"The VAT is on service, not the remittance amount. For instance, if sending 4,000 pesos, the money transfer center charges 100 pesos, and the VAT is 12 pesos, or only 0.3% of the remittance amount," Alvarez said.

Alvarez said the bill targets businesses such as pawnshops, which are initially not registered as remittance centers.
- See more at: http://www.gmanetwork.com/news/story/59 ... TntPC.dpuf



yun naman pala. good move if true :D



"Kapag in-adjust yung taxes, whether yan ay doon lang sa tinatawag na service fee ng mga remittance company, tataas din yung sinisigil nila sa OFWs," he said.

"Ito namang mga businesses na 'to, hindi naman nila ia-absorb yung mga dagdag [o] increase ng cost because of the taxation. Ipapasa din yan sa consumer," he added.

- See more at: http://www.gmanetwork.com/news/story/59 ... cCTXS.dpuf

_________________
Netizens: "Paano ba makakaahon ang Pinas kung ang pangulo ay walang paninindigan, duwag, traydor, inutil, sinungaling, sakitin, sira ulo, kriminal at magnanakaw?"
Duterpwe: “sinabi ko na sa inyo na wag nyo ako iboto."
Dutertards: nganga


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PostPosted: Tue Feb 07, 2017 1:19 pm 
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Light Heavyweight

Joined: Mon Nov 06, 2006 4:38 pm
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Nagpaalam lang kunwari si kuryente king... may gusto na pumalit.
Ak ak ak
Sobrang explain na tuloy.

:lol:
:lol:
:lol:


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PostPosted: Tue Feb 07, 2017 1:45 pm 
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Posts: 2082
How many times did Poodut admin back pedaled on his command post?
You all should have seen the rest way better.

I'd be happy if he/they do it again. :lol:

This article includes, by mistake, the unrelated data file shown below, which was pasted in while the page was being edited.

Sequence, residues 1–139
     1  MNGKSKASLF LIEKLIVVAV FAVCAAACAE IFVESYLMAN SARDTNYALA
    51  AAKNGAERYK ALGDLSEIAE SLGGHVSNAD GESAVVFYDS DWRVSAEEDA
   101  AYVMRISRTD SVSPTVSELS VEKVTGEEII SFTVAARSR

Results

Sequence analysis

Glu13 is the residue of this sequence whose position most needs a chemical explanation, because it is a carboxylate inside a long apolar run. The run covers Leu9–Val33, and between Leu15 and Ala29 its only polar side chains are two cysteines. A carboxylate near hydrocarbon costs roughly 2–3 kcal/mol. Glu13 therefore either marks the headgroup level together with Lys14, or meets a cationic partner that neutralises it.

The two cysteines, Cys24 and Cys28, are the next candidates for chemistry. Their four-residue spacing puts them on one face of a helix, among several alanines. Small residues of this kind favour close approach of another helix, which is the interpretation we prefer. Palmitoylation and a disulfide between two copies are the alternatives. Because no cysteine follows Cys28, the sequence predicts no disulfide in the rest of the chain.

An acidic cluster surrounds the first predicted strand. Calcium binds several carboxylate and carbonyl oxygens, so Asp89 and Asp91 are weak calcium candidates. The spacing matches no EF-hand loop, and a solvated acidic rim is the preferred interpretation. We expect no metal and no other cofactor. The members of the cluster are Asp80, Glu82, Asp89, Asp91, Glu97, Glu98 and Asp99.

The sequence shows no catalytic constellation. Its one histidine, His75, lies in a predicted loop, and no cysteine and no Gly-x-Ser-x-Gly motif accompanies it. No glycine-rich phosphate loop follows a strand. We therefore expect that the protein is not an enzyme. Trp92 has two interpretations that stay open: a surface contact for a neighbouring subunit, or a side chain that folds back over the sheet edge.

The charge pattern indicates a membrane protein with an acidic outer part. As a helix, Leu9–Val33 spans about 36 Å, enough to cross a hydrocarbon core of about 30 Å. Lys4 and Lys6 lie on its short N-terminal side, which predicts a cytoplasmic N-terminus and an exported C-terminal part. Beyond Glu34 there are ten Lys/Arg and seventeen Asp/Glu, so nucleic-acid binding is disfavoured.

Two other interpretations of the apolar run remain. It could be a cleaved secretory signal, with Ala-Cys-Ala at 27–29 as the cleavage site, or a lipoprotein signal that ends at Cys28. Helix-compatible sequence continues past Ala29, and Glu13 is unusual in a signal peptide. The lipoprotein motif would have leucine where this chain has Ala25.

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Netizens: "Paano ba makakaahon ang Pinas kung ang pangulo ay walang paninindigan, duwag, traydor, inutil, sinungaling, sakitin, sira ulo, kriminal at magnanakaw?"
Duterpwe: “sinabi ko na sa inyo na wag nyo ako iboto."
Dutertards: nganga


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PostPosted: Tue Feb 07, 2017 2:02 pm 
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Cruiserweight

Joined: Wed Mar 25, 2015 10:08 am
Posts: 2082
Ugh, do you consider that this news is coming from a mochauson-like blogs? Well, basically what gets taxed are the "remittance fees" (based on what particular country you are in. It understood that most PH banks charges certain percentage of the total amount as remittance fee and this will be charged with the 12% increase VAT that is being mentioned in the 'blogs', but still you all have take this declaration with a pinch of salt Poodut believers. Just the same, the hardworking class e.g blue-collar workers, professionals, business workers, etc. were get fcked the easiest, the deepest, the hardest, and the driest. No problem with me, I know the workaround on this.

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Netizens: "Paano ba makakaahon ang Pinas kung ang pangulo ay walang paninindigan, duwag, traydor, inutil, sinungaling, sakitin, sira ulo, kriminal at magnanakaw?"
Duterpwe: “sinabi ko na sa inyo na wag nyo ako iboto."
Dutertards: nganga


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PostPosted: Wed Feb 08, 2017 12:04 am 
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Joined: Mon Jun 20, 2016 12:47 pm
Posts: 5106
my bespren has no problem too, he knows the workaround, cheaper and legal.


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PostPosted: Wed Feb 08, 2017 1:12 am 
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Heavyweight

Joined: Wed Aug 09, 2006 4:21 am
Posts: 4218
Tax the CHURCH!


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PostPosted: Wed Feb 08, 2017 9:29 am 
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Light Heavyweight

Joined: Mon May 27, 2013 1:09 pm
Posts: 1555
ang pina ka bad trip yong OEC...imagine 4 na araw ka lang kailangan mo pa mag online at mag pa exempt..tapos pagdating mo sa NAIAI kahabahaba nang pila,pagdating mo sa immigration sabihan ka na ipa verify ulit sa POEA..pila ka na naman tsaka balik sa immigration...pila ulit...paita uy.. :( :(

kala ko tinangal na ni digong tong OEC OEC na to...hay maisumbong nga kay Ellen Adarna.